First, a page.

The team members included Clare and Eugene Cordero, Paul Schmitt, Kelly Chang, Huong Cheng, Ramya Shenoy, Leah Tremblay and Gaby De La Cruz Tello. They raised $25,000 for the Green Ninja Project. The project is an interdisciplinary effort to teach middle school students about environmental issues and sustainability.

CSU honors San Jose LSAMP students

The California State University Louis Stokes Alliance for Minority Participation (LSAMP) Program Recognizing Outstanding Undergraduate Distinction (PROUD) honored two San Jose State students and two alumni in its most recent edition. The publication summarizes the work of the LSAMP program statewide to support underrepresented minorities in pursuing degrees in STEM while also acknowledging outstanding scholars at each CSU campus.

Roberto Tovar, '15 Chemistry, is one of four SJSU alumni or students recognized in the October edition of the LSAMP program.

Roberto Tovar, ’15 Chemistry, is one of four SJSU alumni or students recognized in the October edition of the LSAMP program.

Canaan Muluneuh, a chemistry student in his second year at SJSU, was selected for the Outstanding Academic award for SJSU. He has maintained a GPA of 3.83 and facilitated a summer workshop for general chemistry. He is interested in pursuing a doctorate or a medical degree. He is currently involved in research on mosquitoes to minimize populations of the insect to prevent viral transmission.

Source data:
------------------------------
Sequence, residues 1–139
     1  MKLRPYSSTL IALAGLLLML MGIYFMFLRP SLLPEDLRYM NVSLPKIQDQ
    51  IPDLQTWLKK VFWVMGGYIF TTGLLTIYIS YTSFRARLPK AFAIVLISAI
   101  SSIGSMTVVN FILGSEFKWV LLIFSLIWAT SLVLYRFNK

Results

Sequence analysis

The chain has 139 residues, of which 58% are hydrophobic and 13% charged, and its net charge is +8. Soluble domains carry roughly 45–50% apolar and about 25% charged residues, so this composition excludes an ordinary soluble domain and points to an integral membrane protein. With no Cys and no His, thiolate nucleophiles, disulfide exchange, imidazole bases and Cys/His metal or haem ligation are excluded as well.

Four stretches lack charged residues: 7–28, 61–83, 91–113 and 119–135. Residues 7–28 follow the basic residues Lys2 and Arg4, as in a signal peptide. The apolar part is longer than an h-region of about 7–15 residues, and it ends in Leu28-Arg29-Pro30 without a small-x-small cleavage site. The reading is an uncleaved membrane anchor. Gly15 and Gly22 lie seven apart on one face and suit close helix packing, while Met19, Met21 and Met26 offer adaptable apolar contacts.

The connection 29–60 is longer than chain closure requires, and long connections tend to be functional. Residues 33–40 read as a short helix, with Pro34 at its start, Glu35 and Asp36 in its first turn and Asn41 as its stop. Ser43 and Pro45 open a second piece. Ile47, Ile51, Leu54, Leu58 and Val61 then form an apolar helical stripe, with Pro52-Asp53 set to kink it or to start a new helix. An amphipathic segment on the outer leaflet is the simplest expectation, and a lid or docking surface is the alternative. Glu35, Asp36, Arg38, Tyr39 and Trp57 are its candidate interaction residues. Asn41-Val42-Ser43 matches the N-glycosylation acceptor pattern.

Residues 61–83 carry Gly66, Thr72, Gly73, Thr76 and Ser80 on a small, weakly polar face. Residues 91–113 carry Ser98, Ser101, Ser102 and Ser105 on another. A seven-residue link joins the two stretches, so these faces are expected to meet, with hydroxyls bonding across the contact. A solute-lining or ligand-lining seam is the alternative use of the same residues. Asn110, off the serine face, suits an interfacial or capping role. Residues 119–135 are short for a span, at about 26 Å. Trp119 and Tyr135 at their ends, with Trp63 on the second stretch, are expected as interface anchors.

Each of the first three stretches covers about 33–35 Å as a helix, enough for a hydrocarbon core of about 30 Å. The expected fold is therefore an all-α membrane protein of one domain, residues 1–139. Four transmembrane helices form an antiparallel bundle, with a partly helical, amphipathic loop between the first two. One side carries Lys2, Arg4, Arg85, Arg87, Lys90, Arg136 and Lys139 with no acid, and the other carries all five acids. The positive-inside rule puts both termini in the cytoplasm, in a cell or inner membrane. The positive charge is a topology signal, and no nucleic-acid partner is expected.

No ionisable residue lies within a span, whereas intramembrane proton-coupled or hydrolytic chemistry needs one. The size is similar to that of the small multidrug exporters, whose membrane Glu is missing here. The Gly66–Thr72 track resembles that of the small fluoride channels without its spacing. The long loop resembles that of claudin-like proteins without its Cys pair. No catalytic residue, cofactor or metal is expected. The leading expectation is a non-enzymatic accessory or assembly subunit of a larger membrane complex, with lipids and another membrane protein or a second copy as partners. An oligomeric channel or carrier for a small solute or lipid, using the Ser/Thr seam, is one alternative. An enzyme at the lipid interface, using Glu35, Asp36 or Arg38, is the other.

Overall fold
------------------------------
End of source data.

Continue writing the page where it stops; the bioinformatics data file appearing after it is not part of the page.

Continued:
Christian Espinoza, ’09 Materials Engineering, was selected for the Outstanding Alumnus award for SJSU. He received a Ph.D in materials science and engineering from the University of Illinois at Urbana-Champaign in 2014. He has participated with Engineers without Borders, where he worked to improve water quality in rural villages in Guatemala. He is currently employed as an advanced engineer/scientist at Owens Corning, in Ohio, and serves as a mentor for students as a member of the Society of Hispanic Professional Engineers and Scientists (SHPE.)

Angel Gonzalez, a third-year mechanical engineering student, was selected for the Outstanding Academic and Service Leadership award for SJSU. He is involved in the Society of Latino Scientists and Engineers and serves as co-vice president. He has been actively engaged with the Science Extravaganza, a one-day event that aims to generate interest in STEM fields for younger students.

Roberto Tovar, ’15 Chemistry, was selected for the Outstanding Research award at SJSU. Tovar started as an economics major before he took a general chemistry class and discovered he excelled in the field. He was involved with research with Dr. Gilles Muller. His research findings support two poster presentations and a publication in the journal of Tetrahedron Letters. He spent a semester in Germany and since graduation has traveled to France to work at a laboratory in Toulouse, France.

View the full CSU LSAMP Proud publication: PROUD_2015(Final_Oct20)_small

Hispanic Heritage Month: Folklorico group promotes college

San Jose State students visit local schools to share their heritage through folklorico dance. Watch a video about the founding of the cultural dance troupe at San Jose State in 2004 and learn more about how the students create a college-going culture in the community.